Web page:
May 13 2011
prev sibling next sibling parent reply Daniel Gibson <metalcaedes gmail.com> writes:
Am 13.05.2011 10:12, schrieb Vladimir Panteleev:
 On Fri, 13 May 2011 10:57:37 +0300, Alexander <aldem+dmars nk7.net> wrote:
 
 On 13.05.2011 06:53, Vladimir Panteleev wrote:

 Thus, my question is: what's the expected behavior of D programs when
 a destructor throws?

I would say, the only expected (and correct, IMHO) behavior should be termination of the program because of unhandled exception.

Yes, but what if it's handled (there's a try/catch block around the allocation or fullCollect call that invoked the GC)?

I don't think the exception from a destructor should be thrown to an allocation.. and probably not fullCollect either. For clear() or delete it /may/ make sense to get exceptions thrown in the destructor, but it'd be inconsistent if the exceptions would just vanish or terminate the program otherwise. It may be sane to just define that destructors are nothrow and if they throw anyway to terminate the program. What is the current behaviour anyway? ;)
May 13 2011
parent Daniel Gibson <metalcaedes gmail.com> writes:
Am 13.05.2011 10:33, schrieb Vladimir Panteleev:
 On Fri, 13 May 2011 11:22:11 +0300, Daniel Gibson
 <metalcaedes gmail.com> wrote:
 
 It may be sane to just define that destructors are nothrow and if they
 throw anyway to terminate the program.

 What is the current behaviour anyway? ;)

D2 throws a FinalizeError (which is an Error, so "not recoverable").

So the program is terminated? In that case you don't really have to worry about the state of the GC, right?
 D1 just allows the exception to propagate through the GC to whatever
 caused a GC to run.
 Both leave the GC in an indeterminate state, as far as I can tell.
 

May 13 2011
prev sibling next sibling parent reply Don <nospam nospam.com> writes:
Alexander wrote:
 On 13.05.2011 06:53, Vladimir Panteleev wrote:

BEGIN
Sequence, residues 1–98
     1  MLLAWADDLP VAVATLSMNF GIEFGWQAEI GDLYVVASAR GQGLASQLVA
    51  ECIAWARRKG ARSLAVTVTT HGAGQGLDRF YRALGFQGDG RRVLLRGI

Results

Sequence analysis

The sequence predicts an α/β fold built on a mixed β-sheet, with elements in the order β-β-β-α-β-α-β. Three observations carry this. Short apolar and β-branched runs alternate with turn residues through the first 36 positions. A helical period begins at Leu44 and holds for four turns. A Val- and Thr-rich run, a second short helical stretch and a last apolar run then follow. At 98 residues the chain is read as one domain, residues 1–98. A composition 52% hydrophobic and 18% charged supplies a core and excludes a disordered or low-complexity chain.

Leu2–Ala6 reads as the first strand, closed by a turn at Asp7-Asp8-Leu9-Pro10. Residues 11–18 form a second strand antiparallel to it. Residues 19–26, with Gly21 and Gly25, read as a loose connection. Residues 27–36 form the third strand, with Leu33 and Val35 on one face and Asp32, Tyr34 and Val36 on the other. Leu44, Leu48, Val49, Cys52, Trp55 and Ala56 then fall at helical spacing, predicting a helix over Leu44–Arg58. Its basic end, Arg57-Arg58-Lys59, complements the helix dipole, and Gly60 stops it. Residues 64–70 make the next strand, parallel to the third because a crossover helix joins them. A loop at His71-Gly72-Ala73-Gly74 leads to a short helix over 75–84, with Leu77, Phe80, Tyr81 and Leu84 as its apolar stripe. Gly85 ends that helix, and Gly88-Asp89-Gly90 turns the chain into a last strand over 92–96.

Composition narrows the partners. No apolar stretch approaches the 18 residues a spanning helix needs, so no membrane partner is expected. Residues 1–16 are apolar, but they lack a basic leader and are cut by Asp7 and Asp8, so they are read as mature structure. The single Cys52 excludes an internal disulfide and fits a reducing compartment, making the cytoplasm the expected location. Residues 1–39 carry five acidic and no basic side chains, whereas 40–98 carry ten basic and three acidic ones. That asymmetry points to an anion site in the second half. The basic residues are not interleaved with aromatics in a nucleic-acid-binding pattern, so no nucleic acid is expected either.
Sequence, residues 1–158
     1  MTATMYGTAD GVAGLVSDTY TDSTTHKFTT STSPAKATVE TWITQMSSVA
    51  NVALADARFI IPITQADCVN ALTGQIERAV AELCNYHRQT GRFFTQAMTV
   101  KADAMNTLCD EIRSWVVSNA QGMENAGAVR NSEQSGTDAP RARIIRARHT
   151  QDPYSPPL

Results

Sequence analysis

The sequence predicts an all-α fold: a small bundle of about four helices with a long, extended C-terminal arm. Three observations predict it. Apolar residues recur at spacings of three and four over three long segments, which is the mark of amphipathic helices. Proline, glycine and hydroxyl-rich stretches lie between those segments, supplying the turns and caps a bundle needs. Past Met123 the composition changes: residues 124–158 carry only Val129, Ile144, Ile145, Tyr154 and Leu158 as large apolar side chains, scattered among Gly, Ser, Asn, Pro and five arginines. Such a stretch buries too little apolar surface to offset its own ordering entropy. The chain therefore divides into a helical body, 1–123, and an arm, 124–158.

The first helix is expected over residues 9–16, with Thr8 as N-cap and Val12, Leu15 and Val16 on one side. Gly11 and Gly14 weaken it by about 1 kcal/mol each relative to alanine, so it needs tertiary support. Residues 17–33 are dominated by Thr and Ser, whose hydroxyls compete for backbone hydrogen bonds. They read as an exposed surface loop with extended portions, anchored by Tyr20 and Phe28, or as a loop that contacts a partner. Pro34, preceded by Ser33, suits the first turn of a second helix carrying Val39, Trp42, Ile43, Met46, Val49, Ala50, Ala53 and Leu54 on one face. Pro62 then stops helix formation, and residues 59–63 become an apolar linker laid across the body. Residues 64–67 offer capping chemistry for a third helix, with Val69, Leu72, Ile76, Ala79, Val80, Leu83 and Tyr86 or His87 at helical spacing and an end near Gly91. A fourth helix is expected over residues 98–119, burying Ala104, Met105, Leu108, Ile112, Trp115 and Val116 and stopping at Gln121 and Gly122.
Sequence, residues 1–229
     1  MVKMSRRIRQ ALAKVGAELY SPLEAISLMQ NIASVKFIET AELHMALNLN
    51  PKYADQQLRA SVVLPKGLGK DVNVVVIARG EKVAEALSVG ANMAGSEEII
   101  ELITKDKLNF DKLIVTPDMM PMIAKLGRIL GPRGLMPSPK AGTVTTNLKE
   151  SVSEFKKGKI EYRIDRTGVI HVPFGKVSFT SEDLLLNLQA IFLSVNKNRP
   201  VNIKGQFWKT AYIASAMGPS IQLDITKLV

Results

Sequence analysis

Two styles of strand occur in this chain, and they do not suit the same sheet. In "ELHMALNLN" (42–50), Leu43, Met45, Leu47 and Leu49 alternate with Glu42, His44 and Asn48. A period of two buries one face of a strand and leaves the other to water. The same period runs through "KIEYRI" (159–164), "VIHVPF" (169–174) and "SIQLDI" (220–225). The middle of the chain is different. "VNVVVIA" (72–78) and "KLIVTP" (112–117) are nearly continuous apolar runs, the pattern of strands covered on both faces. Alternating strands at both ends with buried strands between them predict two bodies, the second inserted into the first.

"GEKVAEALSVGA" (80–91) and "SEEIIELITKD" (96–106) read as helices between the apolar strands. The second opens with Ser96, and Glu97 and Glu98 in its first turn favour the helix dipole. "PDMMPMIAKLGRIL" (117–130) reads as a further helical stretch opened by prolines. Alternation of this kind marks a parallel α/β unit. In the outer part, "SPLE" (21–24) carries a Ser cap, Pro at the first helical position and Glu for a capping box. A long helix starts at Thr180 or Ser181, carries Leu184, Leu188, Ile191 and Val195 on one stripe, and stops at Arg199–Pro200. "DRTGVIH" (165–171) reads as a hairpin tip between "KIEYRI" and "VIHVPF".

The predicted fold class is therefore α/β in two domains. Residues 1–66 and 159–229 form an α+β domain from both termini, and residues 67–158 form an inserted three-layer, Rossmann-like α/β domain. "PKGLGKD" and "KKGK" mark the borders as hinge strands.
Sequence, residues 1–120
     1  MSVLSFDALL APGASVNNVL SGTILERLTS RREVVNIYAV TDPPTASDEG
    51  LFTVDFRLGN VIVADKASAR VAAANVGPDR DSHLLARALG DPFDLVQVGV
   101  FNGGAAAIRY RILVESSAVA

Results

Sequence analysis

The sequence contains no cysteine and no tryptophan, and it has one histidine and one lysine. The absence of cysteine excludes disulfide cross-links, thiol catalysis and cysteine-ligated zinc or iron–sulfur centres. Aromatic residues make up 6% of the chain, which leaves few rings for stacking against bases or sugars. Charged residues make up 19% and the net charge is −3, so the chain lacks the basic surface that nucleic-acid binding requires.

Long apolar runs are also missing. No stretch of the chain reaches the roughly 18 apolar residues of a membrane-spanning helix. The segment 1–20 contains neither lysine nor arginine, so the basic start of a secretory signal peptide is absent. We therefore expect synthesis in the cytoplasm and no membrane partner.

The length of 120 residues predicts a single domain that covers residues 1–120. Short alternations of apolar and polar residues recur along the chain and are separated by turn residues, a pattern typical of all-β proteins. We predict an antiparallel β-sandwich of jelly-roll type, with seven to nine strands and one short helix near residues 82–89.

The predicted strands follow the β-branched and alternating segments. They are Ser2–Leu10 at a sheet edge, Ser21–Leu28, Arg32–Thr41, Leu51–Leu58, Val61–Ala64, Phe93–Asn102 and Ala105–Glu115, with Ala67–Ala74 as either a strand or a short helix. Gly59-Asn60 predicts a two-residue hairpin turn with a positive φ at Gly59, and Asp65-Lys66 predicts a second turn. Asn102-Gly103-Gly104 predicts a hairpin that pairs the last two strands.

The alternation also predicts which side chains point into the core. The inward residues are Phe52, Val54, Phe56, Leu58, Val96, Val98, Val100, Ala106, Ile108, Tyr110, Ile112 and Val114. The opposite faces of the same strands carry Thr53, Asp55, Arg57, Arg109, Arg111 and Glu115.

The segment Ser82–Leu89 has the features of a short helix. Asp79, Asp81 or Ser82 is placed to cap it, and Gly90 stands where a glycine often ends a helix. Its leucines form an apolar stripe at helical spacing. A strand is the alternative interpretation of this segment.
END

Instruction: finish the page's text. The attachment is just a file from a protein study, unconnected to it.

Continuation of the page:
Thus, my question is: what's the expected behavior of D programs when a
destructor throws?

I would say, the only expected (and correct, IMHO) behavior should be termination of the program because of unhandled exception. /Alexander

Are you talking about *finalizers* or *destructors* ? Throwing from inside a destructor should definitely work (unlike C++). But finalizers should probably be nothrow.
May 13 2011
next sibling parent reply Alexander <aldem+dmars nk7.net> writes:
On 13.05.2011 10:25, Don wrote:

 Are you talking about *finalizers* or *destructors* ?

Destructors as defined in D spec. There are no finalizers (yet), AFAIK.
 Throwing from inside a destructor should definitely work (unlike C++).

How? Destructor is called by the GC when object is deleted. When and where (which thread) this happens is unknown, it is done outside of regular flow of execution - so who and where can catch this exception? So, like any other uncatched exception, it will terminate the program.
 But finalizers should probably be nothrow.

Once they are implemented :) In any case, as long as there is no try/catch around GC collection, I see little use for exceptions apart from terminating the program. If, however, we are talking about using try/catch blocks inside of destructors - then of course, this should be possible. /Alexander
May 13 2011
parent reply Don <nospam nospam.com> writes:
Alexander wrote:
 On 13.05.2011 10:25, Don wrote:
 
 Are you talking about *finalizers* or *destructors* ?

Destructors as defined in D spec. There are no finalizers (yet), AFAIK.

The things in classes which the spec calls "destructors" are finalizers, not destructors.
 
 Throwing from inside a destructor should definitely work (unlike C++).